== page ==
Next-generation sequencing (NGS) has transformed our understanding of biology from human health and disease to plants, animals, and the world of microbes. Past advances fueled a brilliant era of genomics, but core technology gains have since stagnated. Avidity base chemistry (ABC) is an original sequencing technology that leverages the power of avidites to disrupt establishment models with foundational improvements to cost, quality, and flexibility.
Like sequencing-by-synthesis (SBS), ABC sequencing amplifies and sequences DNA libraries, including those prepared from RNA. Differences in how each technology approaches this function, however, allow NGS applications to evolve beyond SBS.
ABC innovations start with rolling circle amplification (RCA). The flow cell surface captures DNA templates that RCA then replicates and organizes into polonies, where many copies of the template exist as a single concatemer.
RCA improves data quality in two key ways:
- Low-binding surface chemistry creates negligible, nonspecific binding and increases the contrast-to-noise ratio (CNR).
- Copying only the original DNA template removes a common source of error propagation and data decline: PCR.
Two tasks, two steps
Any polymerase-based method of sequencing must accomplish two tasks:
- Detect nucleotide incorporation
- Advance the template to the next position
SBS locks these tasks together as a single step, advancing the register when a blocked, dye-labeled nucleotide is added to the growing complementary strand. Covalent incorporation enables a persistent signal for base detection but requires micromolar reagent concentrations to complete the reaction in a reasonable timeframe.
ABC separates these steps, optimizing enzymes and enzyme conditions for each and consuming mere nanomolar reagent concentrations to create stable complexes for base detection.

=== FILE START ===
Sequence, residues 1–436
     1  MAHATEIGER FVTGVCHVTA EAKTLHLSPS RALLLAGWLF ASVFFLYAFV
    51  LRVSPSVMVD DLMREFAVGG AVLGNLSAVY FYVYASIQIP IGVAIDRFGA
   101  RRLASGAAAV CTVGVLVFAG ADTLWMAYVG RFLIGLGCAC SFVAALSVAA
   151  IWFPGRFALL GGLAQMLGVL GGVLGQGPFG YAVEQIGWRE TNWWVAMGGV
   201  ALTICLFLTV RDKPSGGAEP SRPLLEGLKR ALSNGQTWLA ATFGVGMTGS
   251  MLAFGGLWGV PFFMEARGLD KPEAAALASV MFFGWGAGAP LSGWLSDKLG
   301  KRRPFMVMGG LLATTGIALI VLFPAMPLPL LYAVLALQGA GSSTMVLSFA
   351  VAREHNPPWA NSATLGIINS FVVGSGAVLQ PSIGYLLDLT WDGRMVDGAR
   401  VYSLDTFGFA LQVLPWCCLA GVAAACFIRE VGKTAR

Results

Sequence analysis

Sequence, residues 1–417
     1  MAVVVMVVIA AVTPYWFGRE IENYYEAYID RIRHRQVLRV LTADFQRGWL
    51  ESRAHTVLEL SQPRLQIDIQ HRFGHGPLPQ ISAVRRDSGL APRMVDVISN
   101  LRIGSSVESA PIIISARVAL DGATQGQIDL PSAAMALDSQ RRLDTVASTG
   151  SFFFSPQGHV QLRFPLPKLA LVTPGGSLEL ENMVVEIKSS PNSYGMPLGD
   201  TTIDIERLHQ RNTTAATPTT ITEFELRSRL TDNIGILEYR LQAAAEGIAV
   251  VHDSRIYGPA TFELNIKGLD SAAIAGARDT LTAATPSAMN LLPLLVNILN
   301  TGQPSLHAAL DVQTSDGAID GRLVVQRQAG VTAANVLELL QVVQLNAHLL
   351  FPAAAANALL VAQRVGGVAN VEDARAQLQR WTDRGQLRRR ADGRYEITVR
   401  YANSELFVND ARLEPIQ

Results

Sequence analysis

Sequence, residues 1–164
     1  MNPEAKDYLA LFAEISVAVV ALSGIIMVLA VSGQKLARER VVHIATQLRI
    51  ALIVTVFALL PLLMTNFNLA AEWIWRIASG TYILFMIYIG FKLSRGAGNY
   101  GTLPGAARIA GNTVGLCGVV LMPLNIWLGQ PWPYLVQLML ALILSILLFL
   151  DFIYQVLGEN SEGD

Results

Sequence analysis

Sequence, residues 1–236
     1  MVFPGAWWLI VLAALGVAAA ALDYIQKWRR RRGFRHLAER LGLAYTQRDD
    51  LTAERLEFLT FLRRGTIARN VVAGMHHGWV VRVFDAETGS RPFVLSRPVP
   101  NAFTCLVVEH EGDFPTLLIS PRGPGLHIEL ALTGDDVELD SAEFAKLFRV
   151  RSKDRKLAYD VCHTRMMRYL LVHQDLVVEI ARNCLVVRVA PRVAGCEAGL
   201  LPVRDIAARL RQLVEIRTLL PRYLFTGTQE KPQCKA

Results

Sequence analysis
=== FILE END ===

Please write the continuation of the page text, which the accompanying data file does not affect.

Avidites and the power of affinity
Avidity refers to the cumulative strength of multiple affinities of noncovalent binding interactions, which is achieved when multivalent ligands bind to multiple sites in a substrate. Avidites—dye-labeled polymers carrying many identical nucleotides—leverage this strength to label and image polonies with minimal reagent consumption.
Although avidites have similar association rates as the dye-labeled monovalent nucleotides of SBS, ABC maintains the advantage: avidites show no disassociation during the > 1 minute needed for base detection, even at nanomolar concentrations. After base detection, buffers wash away the avidites without the DNA scarring that cleaving often leaves.
Spotlight on homopolymer regions
ABC is not only less expensive than SBS—it is also more accurate. The accuracy gain is particularly prominent in homopolymer regions, which maintain low error rates pre- and post-homopolymer. Element researchers attribute the higher accuracy to RCA, an engineered high-fidelity polymerase, and two additional factors:
- Synergistic binding of multiple nucleotides on a single avidite makes sure that only the correct avidite binds to a polony.
- A binding disadvantage for out-of-phase DNA copies that are inside the polony and lack other out-of-phase neighbors to serve as avidity substrates.
Novel technology with unexplored potential
Avidites enable a modular design that presents clear paths forward for further innovation and improvement, making ABC a highly extensible technology. The polymer core, number and choice of dyes, and length and structure of nucleotide linkers are set up for parallel optimization that increases signal, decreases cycle times, lowers reagent concentrations, and tunes other parameters to neatly align to different applications.
For example, a novel polymerase and optimized reagent formulation have already enabled 2 x 300 sequencing. The results are excellent. Cloudbreak™, which accelerates run times by 20% and enables linear library loading, is another example.
Publication and proof-of-concept
Entwining low cost and high quality, ABC takes a first-principals approach to stretch beyond the limits of SBS and empower more labs to do more science. In a seminal publication, Element researchers describe the kinetics of ABC in detail, including proof-of-concept data from human whole-genome sequencing (WGS) and single-cell sequencing. Datasets provide further visibility into ABC performance.